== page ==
Which Best Explains How Contractionary Policies Can Hamper Economic Growth
Economic Growth and Contraction
Contractionary policies are government measures that reduce a country’s disposable income and therefore reduce economic growth. They are often implemented after periods of intense inflation and increased investment, and are intended to limit the distortions of the capital markets, such as excessive inflation caused by an expanding money supply and excessive asset prices, and crowding-out effects. However, such policies can also increase the unemployment rate and dampen economic growth.
Inflation is a gauge used by governments to determine whether an economy is overheating. Inflation above a certain target growth rate acts as a warning and triggers contractionary monetary policies. In the US, governments usually consider an annual inflation rate of two to three percent as normal. However, when inflation rises above this target rate, it is a signal to consumers that the economy is overheating and contractionary policies become necessary.
Contractionary fiscal policies reduce the economy’s disposable income and increase the deficit. These policies reduce GDP, increase unemployment, and reduce the volume of production. Ultimately, they slow down the economy and lead to destabilization and recession. In contrast, expansionary policies increase the money supply by reducing the income tax and increasing government spending.
Contractionary monetary policies are effective in slowing economic growth by reducing the amount of active money in an economy. The intention is to quell unsustainable capital investment and speculation. These measures are often implemented by raising the target federal funds rate, or the interest rate that banks charge each other overnight. Moreover, it helps meet reserve requirements and curbs inflation.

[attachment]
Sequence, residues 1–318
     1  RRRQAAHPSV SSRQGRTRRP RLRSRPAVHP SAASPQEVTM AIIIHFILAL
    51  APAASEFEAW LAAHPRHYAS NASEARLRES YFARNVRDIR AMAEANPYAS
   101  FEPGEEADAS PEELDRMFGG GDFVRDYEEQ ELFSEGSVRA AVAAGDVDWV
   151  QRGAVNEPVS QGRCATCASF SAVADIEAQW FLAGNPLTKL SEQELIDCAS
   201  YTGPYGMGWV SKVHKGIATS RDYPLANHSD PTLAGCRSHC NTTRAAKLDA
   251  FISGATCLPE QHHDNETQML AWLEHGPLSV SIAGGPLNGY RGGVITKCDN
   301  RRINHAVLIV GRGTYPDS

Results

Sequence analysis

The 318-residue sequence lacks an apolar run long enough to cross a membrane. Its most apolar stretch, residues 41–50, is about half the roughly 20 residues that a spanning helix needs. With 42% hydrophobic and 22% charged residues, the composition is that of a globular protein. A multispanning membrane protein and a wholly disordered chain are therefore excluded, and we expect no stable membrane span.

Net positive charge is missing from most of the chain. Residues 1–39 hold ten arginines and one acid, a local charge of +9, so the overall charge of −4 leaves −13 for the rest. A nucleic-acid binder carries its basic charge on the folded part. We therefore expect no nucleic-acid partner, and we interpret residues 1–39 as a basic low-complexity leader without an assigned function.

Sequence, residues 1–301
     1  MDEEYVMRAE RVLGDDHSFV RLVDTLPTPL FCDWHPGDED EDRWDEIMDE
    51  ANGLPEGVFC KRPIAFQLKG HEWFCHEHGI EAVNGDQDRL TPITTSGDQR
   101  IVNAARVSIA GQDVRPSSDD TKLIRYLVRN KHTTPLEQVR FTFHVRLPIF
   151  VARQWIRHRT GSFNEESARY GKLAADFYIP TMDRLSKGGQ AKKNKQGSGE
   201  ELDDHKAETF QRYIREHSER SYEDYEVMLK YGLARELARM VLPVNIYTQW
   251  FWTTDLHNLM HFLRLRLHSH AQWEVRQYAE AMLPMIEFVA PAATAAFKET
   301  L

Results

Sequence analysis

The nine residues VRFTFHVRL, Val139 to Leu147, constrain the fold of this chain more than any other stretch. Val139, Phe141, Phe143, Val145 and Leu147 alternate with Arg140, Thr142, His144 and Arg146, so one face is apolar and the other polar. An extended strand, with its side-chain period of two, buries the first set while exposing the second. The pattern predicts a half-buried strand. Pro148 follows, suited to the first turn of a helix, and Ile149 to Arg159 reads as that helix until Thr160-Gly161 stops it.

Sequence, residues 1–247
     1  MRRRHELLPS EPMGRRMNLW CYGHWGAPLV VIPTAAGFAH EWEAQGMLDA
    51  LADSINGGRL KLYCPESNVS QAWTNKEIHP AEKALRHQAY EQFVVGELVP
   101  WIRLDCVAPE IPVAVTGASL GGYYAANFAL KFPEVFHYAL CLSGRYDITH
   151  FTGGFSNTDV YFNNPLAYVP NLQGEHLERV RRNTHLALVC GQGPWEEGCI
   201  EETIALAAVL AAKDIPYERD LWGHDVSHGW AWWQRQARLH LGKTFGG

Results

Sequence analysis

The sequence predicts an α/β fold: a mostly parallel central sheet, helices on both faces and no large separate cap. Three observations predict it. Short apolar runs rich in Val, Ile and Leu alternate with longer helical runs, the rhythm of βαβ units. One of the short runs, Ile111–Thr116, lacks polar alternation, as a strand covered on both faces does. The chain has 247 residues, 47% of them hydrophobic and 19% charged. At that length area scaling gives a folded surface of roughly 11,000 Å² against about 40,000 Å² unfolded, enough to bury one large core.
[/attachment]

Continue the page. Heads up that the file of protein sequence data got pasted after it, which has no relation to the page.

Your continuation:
When an economy is beyond full employment, contractionary policies must be combined with expansionary policies. Inflation lowers demand for goods and services and reduces the purchasing power of pensioners. Inflation also depreciates a country’s currency. A combination of expansionary fiscal and monetary policies can boost economic growth. However, a country’s economic growth is limited by its ability to manage high levels of unemployment and inflation.
When monetary policy is aimed at increasing real income, the consumption of consumer goods increases. This in turn reduces the supply of loanable funds, which increases the interest rate. The decrease in net exports thereby decreases investment and increases consumer wealth. A contractionary policy can also reduce the number of jobs available to be created in an economy.
Inflationary policies can also hamper economic growth. An increase in interest rates can throw an economy into recession and depreciate the nation’s currency. Inflationary policies can also lead to increased unemployment and lower productivity. The goal of an economy is to minimize unemployment and improve productivity.